1. There is something very Kalevala about him. I’m not quite sure what it is but he reminds me of the paintings by Akseli Gallen-Kallela.

    Liked by 1 person

  2. Been looking forward to seeing this finished since the concept sketch appeared and the completed article does not disappoint. Absolute brilliance!


    1. Thanks man. Getting from the concept sketch to the model took both courage and compromises. Especially going from the open 2d concept with a lot of suggested details to actually building the model deciding on all shapes and details was a great process. The sketch had very few explicit details, so making the model took a lot of bitz research and texture exercises. But at some point it was just about comitting and running with the idea…

      Liked by 2 people

  3. This miniature is such an epitome of the strange, grim, dystopian world of M41. The sense of movement and floating, texture of the bark, the unholy ancient looks of it’s face, the protruding organs, list goes on and on. Everything is just perfect. Beautiful piece!

    Liked by 1 person

    1. Thanks for the kind words. Elaborating on the word “perfect”, I might add that it has the perfect level of openess to it. The model suggests a mood, rather than spells it out – if you get my meaning. This is what I strive for in my miniatures these days. I what you to look and think when you look at the miniature. To activate memory and imagination…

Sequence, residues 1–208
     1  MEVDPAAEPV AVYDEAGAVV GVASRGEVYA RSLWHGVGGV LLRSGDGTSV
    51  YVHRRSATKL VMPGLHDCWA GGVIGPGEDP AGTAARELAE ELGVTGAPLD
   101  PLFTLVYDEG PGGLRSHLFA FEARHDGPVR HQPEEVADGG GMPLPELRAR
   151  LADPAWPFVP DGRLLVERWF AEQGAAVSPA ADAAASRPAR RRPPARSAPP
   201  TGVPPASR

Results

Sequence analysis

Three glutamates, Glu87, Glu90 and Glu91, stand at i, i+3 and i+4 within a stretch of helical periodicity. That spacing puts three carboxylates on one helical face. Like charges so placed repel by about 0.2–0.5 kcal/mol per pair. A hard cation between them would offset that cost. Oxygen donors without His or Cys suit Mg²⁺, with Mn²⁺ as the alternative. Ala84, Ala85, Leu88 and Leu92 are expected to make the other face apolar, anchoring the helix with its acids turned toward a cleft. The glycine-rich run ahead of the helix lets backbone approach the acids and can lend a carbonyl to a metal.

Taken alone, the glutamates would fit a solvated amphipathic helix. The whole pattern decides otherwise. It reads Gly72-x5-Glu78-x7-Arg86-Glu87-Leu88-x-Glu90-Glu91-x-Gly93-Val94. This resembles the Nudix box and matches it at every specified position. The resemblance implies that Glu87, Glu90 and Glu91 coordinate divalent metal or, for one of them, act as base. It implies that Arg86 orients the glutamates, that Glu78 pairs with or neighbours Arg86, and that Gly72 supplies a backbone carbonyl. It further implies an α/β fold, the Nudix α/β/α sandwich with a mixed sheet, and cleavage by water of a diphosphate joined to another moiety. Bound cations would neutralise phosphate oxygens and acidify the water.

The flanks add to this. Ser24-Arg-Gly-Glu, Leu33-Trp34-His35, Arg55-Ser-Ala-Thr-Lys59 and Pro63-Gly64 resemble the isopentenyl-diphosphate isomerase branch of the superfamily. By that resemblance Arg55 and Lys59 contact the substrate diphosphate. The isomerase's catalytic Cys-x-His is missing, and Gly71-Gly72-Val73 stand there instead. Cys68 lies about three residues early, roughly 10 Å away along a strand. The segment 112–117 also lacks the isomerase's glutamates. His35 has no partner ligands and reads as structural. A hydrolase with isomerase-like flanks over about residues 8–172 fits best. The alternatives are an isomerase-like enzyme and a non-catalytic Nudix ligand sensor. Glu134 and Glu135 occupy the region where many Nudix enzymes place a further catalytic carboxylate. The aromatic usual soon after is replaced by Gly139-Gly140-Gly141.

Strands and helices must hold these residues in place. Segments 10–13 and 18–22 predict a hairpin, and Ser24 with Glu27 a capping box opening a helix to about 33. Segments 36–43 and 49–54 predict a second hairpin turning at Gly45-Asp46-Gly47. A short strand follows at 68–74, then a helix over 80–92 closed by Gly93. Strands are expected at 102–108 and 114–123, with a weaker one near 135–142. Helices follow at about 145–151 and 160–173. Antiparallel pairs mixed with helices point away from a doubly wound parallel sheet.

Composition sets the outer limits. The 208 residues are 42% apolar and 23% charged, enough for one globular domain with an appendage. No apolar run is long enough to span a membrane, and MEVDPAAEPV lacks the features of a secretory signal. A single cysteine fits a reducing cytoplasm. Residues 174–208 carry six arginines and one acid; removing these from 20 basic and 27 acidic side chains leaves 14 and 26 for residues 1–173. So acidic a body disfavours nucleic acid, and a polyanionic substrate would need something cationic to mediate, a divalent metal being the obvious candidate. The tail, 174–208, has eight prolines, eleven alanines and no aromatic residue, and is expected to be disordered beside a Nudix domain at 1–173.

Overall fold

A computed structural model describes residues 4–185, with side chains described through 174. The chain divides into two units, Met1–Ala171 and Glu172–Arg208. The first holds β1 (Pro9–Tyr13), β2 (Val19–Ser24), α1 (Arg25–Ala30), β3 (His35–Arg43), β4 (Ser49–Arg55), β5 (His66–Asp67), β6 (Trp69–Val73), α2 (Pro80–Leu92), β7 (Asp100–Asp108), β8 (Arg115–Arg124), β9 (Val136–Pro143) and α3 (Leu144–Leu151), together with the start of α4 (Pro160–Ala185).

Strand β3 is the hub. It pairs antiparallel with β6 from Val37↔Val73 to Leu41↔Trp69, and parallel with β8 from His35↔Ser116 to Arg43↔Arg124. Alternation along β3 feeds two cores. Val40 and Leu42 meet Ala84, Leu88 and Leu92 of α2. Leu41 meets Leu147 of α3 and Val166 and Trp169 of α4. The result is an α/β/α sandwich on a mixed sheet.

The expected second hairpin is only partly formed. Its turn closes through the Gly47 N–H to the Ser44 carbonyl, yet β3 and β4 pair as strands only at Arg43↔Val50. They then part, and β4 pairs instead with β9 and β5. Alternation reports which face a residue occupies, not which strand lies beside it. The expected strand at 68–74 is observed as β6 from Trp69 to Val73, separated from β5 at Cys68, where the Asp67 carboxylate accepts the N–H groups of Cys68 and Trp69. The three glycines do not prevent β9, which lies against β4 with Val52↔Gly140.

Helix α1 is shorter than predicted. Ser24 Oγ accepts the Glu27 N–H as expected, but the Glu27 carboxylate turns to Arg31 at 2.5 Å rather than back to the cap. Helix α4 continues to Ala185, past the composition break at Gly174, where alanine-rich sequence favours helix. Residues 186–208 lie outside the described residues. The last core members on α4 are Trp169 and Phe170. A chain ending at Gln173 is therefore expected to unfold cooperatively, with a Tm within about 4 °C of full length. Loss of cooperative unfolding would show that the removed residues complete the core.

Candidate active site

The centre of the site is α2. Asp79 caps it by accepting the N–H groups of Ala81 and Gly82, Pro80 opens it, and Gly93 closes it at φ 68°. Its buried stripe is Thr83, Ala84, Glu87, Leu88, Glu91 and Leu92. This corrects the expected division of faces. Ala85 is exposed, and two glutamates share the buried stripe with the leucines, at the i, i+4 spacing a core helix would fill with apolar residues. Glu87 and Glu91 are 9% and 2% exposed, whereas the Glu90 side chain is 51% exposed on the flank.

Liked by 1 person

  4. I love this so much, seriously an incredible model. I love the textures you’ve built up and the tone is perfect, so bleak and real in contrast to the absurdity of the concept. This is one of my all time favourite miniatures for sure.


    1. On another note, have you got any tips/advice for building that tree? I’ve got a forest concept in mind for my Mordheim stuff and I think it would fit the bill perfectly.